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Throw Scrabble Strategy Out The Door In WWF

A couple weeks ago I finally got to installing Words with Friends (WWF) on my iPhone while stuck at one of those counter tables facing a wall at a Smashburger with some co-workers.

Can I get a window, please?

Anyway, I’ve dabbled in competitive Scrabble and am one of those guys that studies word lists on occasion so it was natural and inevitable I’d give WWF a try. I hadn’t played much of the game since Hasbro kicked Scrabulous off of Facebook and replaced it with a heaping, steaming pile of crap version instead. (Hasbro’s official Scrabble version *and* the new Scrabulous, Lexulous)

While WWF is far closer to Scrabble than Lexulous became (Lexulous has 8-tile racks), the strategy is far different because of one simple change that many casual players may not even recognize and I want to share a few tips about it. :-)

The Secret is the Hotspots

So, how do we put this? Well, one of the most important Scrabble strategies is rack management, and the same applies in WWF. If you’re forming words with “good letters” and leaving yourself “bad letters,” you’ll lose quickly in either sport. What’s changed is what those good and bad letters are.

In Scrabble, a 7-letter play (AKA bingo) nets you a +50 point bonus. In WWF, however, it’s only +35. Normally, this wouldn’t be a big deal as you’d guess it would only lead to lower overall scores for both players, but it’s another difference that’s key here.

The hotspot arrangement on a WWF board is vastly different than on a Scrabble board.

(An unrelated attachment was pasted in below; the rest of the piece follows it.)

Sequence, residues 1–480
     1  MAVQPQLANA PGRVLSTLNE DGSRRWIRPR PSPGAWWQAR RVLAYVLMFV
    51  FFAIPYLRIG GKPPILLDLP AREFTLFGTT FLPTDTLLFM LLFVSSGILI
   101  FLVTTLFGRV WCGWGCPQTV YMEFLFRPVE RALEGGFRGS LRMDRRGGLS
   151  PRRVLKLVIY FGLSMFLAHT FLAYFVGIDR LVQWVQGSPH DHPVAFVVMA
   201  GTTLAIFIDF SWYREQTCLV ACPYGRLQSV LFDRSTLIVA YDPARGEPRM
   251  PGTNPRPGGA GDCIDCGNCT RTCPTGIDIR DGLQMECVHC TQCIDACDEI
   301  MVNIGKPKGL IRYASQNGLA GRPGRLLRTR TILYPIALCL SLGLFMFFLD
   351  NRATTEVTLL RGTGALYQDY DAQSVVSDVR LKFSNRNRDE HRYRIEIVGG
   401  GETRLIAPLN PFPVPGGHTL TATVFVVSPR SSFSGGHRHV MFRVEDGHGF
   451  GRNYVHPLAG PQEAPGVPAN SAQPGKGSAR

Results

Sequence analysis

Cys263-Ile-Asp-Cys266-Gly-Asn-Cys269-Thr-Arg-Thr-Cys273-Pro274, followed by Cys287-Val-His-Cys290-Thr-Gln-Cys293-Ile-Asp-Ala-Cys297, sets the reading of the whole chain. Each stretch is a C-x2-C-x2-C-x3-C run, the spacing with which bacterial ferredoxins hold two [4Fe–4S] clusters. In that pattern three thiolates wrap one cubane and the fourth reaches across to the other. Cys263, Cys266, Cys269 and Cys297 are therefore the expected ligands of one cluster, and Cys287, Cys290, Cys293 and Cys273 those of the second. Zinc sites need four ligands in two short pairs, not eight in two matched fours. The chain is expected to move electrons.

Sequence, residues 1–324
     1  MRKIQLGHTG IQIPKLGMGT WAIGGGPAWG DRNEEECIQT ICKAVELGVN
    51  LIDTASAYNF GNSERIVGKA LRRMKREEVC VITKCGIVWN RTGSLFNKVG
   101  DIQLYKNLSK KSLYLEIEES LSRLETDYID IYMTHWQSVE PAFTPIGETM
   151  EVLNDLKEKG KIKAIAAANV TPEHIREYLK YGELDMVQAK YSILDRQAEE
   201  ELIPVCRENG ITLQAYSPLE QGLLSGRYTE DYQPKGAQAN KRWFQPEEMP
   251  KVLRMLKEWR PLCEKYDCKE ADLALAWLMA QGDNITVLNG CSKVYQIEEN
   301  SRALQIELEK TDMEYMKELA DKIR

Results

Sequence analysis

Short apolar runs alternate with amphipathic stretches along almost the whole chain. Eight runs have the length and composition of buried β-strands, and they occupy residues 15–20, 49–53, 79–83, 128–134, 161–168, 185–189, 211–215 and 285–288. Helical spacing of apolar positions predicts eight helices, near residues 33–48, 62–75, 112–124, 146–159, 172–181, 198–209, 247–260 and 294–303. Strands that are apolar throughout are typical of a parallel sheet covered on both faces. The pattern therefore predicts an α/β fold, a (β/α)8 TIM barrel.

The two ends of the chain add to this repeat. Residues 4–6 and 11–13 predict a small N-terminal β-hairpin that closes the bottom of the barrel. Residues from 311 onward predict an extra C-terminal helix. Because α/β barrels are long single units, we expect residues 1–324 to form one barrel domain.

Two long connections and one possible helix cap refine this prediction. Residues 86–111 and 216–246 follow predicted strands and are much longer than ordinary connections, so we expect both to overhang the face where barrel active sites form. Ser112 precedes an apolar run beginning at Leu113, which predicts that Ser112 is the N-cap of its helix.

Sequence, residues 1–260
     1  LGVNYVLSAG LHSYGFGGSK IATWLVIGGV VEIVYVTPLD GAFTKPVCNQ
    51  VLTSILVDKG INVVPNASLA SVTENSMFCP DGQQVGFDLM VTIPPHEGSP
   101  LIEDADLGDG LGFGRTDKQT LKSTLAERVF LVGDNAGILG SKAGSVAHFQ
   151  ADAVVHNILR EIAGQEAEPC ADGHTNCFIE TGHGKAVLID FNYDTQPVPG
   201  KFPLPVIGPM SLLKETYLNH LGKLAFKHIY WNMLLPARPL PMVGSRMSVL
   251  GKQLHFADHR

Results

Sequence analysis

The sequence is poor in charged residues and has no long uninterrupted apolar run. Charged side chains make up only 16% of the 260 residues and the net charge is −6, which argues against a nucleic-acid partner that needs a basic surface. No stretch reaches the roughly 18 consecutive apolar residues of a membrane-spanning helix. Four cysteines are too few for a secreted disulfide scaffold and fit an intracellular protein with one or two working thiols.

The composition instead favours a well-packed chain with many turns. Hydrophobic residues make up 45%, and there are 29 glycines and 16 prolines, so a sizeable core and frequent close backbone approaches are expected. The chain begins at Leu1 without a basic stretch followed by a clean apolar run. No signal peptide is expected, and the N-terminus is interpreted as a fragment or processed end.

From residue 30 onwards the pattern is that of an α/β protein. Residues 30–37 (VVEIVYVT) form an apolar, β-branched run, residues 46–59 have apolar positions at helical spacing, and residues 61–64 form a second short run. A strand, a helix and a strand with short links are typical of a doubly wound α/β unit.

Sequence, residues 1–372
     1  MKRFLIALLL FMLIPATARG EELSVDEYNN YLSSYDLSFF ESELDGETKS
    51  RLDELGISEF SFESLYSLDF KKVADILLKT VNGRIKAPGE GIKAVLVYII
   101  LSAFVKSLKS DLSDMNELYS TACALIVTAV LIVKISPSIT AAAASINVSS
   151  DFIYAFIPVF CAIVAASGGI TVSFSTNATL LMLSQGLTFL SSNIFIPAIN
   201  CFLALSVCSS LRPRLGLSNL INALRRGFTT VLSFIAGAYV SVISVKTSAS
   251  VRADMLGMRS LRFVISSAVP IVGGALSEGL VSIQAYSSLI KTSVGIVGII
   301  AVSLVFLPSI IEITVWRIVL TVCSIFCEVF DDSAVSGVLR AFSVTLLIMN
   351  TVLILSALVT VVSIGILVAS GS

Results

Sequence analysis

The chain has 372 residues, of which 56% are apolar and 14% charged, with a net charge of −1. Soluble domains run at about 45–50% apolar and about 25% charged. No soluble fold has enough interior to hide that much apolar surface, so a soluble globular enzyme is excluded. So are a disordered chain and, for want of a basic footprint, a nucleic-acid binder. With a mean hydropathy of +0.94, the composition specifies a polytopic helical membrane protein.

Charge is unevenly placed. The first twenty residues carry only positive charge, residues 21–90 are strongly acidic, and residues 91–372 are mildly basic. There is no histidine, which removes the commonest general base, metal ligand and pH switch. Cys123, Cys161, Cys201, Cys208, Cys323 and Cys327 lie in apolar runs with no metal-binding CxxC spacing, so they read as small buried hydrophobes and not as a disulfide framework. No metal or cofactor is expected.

Let’s take a look at each of them:

Scrabble Board

The Scrabble board has an X arrangement of hotspots.

WWF Board

The WWF board has a diamond arrangement of hotspots.

Take a few minutes and study the two boards. You’ll notice that:

  • …in Scrabble, it’s impossible to hit a TL and TW in the same play.
  • …in Scrabble, extending to a TL does not set up a TW play.
  • …in Scrabble, the TL boxes are much further apart.
  • …in Scrabble, the TW are at the corners of the board, encouraging more spread.

Some may see the differences as minor, but if you’ve played both you’re no doubt realizing that a WWF board gets closed far faster and more often than a Scrabble board. By close, I mean that parallel plays make it harder to find places to lay down a word.

So, what does this all mean?

Your Rack Is Too Big

Sorry, Dolly. 7-letter plays are dead in WWF. In Scrabble, the occasional “bad letter” drop was fine if you thought you could lay down a bingo on the next turn. So, perhaps your rack was SATIREX. Your best play would most likely be dropping the X, hopefully on a hotspot, and using just about any letter you got back to go for a 7-letter play with a +50 point bonus!

Not so in WWF. You’ll find the board is more closed. I’ve personally had countless bingo’s I simply could not put down. At first, I would be angry at the board and think my opponent lucky. Not anymore. It’s the norm, not the exception. Get used to it!

That’s not to say you shouldn’t look for bingo plays, it just means you shouldn’t be holding out for them, and by far you never, ever want to find yourself with a rack of “good letters” that all amount to 1 and 2 point tiles! You simply can’t score enough points to stay in the game against a good player.

A Nice Rack